Sept. 24, 1957
For many years they’ve had to be satisfied with getting "skunked"
completely or with a few frustrating strikes or with hooking a few
confused mackerel, tired bass, surprised flounder, goggle-eyed perch or
Red Rowe, an ardent ocean fisherman, best expressed the situation the
other day in describing a foray about a mile off Oceanside. Suddenly,
all around the boat the water was rippling with a variety of eager,
"I remember during the lean years when we used to catch a few
mackerel," he said. "I’d yearn for the hard, solid yank of a barracuda.
Well, there I was, trying to get my bait through the barracuda without
them grabbing it so I could get down to the yellowtail.
Red’s more conspicuous talent, of course, is running the morning TV
show, "Panoramic Pacific," at which followers consider him more casual
than Como. Red, first name Ralph, will start his fifth year with the
program Nov. 16–some sort of record.
Naturally, some unscheduled incidents have taken place during this
interlude. There was the time the SS Monterey was about to set out on
an inaugural voyage on a new run from Los Angeles Harbor. The
ubiquitous Jayne Mansfield was present and during the proceedings Roy
Maypole approached her with a microphone and announced:
"And here’s Mamie Van Doren!"
Red elbowed him and whispered. "That’s Jayne Mansfield."
"Aw, put them all in a sack and they all look alike," said Roy. He is no longer with the show.
Not long ago Red received undeserved credit from up north. During the
station breaks each half-hour, distant outlets usually throw in local
commercials and the San Francisco station had a pitch which concluded,
"And more women wear this girdle than any other." At this moment the
show cut back to L.A. where Red had just warmly introduced an accordion
player who responded, "And it’s all thanks to my good friend Red Rowe."
Red, by the way, has a solid musical background. He played guitar and trumpet with Tommy Dorsey and Johnny Long.
He broke into the kilocycle stuff with KRNT, Des Moines, and was a disc jockey for many years at KFWB.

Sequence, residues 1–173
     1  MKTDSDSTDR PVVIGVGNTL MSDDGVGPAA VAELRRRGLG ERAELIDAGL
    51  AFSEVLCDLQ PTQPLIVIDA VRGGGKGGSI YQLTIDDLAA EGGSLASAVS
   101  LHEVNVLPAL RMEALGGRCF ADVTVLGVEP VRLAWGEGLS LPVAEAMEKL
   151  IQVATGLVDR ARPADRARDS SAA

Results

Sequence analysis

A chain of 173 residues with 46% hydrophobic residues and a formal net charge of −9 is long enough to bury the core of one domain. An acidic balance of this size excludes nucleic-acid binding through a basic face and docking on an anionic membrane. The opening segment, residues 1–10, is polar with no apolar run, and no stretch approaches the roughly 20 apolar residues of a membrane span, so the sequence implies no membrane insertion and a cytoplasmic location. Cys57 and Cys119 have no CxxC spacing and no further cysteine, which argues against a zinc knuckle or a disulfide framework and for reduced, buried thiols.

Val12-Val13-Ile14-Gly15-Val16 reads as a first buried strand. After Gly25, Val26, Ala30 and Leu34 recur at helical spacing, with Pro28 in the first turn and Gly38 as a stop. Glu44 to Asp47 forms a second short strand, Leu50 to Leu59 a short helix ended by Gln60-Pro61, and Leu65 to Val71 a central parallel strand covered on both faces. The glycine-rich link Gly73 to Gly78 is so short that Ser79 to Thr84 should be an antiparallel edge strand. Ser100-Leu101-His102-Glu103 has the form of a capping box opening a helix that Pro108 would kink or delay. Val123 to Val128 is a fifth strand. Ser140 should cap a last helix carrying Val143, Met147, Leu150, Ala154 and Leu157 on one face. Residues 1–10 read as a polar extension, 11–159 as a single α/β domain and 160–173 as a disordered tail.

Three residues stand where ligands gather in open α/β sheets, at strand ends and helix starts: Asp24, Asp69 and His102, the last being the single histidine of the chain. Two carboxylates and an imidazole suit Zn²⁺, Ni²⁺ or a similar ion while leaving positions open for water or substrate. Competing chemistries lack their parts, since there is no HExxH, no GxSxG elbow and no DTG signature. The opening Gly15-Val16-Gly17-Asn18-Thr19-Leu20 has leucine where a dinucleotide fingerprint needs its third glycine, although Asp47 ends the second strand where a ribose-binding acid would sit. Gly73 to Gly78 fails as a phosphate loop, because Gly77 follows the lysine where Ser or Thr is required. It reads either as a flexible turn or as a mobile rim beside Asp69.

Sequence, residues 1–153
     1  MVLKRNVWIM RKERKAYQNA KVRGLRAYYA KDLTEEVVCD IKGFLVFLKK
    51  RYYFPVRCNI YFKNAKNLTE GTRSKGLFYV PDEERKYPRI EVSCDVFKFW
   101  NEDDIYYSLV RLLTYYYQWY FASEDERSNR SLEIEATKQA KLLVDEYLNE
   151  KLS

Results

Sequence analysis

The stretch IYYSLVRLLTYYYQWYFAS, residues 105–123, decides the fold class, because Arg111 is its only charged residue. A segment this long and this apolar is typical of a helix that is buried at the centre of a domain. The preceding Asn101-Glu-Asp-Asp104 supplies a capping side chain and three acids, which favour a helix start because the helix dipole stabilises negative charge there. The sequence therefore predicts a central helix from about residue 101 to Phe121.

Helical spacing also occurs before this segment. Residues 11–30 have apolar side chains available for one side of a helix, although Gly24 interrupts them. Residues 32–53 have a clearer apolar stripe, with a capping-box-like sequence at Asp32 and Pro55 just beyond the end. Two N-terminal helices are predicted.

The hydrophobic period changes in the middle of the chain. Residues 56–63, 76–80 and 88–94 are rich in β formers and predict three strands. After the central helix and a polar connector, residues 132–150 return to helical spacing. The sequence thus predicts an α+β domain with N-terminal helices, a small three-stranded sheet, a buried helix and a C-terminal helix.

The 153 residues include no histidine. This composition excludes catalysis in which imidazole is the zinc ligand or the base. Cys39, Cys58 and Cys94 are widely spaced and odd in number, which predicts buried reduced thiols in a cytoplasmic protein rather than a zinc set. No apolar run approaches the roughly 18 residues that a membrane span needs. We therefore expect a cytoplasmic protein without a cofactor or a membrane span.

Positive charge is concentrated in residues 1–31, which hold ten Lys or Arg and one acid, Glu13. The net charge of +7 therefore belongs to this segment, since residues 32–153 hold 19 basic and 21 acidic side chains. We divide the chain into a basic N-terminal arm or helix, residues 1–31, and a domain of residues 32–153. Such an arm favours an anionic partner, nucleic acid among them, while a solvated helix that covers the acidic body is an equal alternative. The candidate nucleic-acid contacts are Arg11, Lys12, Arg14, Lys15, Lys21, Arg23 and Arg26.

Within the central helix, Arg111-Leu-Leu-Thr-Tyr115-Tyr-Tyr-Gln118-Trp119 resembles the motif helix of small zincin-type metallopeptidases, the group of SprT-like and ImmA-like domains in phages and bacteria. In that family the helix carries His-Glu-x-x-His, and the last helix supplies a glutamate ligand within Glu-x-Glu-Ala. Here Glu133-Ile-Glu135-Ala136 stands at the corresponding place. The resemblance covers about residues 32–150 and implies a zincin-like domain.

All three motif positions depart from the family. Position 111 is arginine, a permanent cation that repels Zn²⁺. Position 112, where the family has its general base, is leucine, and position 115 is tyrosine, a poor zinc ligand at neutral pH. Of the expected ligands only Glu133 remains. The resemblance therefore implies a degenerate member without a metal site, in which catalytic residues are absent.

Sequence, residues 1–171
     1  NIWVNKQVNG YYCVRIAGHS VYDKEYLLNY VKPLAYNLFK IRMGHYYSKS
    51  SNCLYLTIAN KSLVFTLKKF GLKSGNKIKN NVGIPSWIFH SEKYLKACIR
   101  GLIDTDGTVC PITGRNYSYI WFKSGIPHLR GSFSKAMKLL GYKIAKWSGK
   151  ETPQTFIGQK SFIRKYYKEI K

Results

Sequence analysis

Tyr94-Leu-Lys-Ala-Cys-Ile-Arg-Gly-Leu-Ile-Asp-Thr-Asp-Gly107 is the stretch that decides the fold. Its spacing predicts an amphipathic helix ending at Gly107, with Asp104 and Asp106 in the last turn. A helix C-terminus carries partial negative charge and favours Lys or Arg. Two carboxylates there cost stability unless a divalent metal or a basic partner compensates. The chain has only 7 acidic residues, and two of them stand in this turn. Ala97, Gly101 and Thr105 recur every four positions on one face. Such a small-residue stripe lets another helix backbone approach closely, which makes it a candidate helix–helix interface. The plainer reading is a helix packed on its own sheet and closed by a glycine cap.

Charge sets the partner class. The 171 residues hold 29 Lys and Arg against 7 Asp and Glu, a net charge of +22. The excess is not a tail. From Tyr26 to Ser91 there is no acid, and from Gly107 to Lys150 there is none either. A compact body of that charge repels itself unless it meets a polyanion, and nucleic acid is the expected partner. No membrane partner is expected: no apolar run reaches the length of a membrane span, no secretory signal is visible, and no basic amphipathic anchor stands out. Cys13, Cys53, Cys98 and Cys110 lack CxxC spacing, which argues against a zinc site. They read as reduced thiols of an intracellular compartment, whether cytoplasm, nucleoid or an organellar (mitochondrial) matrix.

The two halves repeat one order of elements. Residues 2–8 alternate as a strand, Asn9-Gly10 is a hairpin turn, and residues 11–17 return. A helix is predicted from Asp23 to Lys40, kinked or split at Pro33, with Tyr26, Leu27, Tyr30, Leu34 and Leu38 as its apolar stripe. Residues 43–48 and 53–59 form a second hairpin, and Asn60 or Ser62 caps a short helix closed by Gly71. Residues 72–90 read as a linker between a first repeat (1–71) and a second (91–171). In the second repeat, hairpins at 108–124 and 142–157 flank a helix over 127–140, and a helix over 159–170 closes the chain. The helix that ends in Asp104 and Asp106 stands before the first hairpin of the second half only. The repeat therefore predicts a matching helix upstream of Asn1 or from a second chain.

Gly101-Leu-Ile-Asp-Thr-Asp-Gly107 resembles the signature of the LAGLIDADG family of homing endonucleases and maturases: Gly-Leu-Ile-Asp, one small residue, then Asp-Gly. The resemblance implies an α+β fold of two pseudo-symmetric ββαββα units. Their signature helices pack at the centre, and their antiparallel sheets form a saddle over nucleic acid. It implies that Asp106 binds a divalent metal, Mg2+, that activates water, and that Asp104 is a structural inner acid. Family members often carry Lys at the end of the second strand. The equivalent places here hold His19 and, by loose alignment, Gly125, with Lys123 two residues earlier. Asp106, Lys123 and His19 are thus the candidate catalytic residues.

As for the longevity of his program, Red says, "I guess the idea is to
try to keep people from getting sick of you." His formula is treating
viewers as over-the-fence neighbors.
Red lives in Encino and it’s 13 miles to the studio. One thing he’s
certain of–no matter how hard you try, you never get used to getting
up at 4 a.m.
A ROOKIE officer
in an elevator bringing a load of passengers down from the eighth-floor
cafeteria in the Police Building yesterday did a devastating job of
He said to another rookie, "Gee, I’m sorry you have the Asian flu. Shouldn’t you be in bed instead of running around like this?"
He was kidding, of course, but apparently the other passengers, jammed
shoulder to shoulder, didn’t think so. By the time the elevator got to
the fifth floor only the two rookies remained.
"AS LONG AS we
seem to be acquiring the Dodgers, or vice versa," writes Monty Carlson,
"I’d like to do my bit to add a touch of appropriate atmosphere.
Everyone knows a ballgame is no good without Coney Island red hots.
"Now I wonder if the city fathers would please donate me some land for a hot dog stand somewhere near the ballpark.
"Nothing pretentious, just a couple of acres where I can hawk hot dogs out of a feeling of civic pride."
ONLY IN L.A.–One day last week, Jim Hansen asked one of the girls at the office if she’d seen the aurora borealis the previous night.
"Nope," she replied, "I stayed on Channel 9 all evening."
AT RANDOM–A hot rod
garage on North Figueroa Street just south of Sunset has a sign.
"Custom Lowering, Dual It Yourself Kit." … On a recent trip up north
Trudy Gustafson was fascinated by a sign in Montana stating, "Get over
in right lane." And another in Washington, "Free right turn."…
Observes Frank Goldberg: "There’s no sound so ominous as that of a
motorcycle officer revving his motor as you shoot through a yellow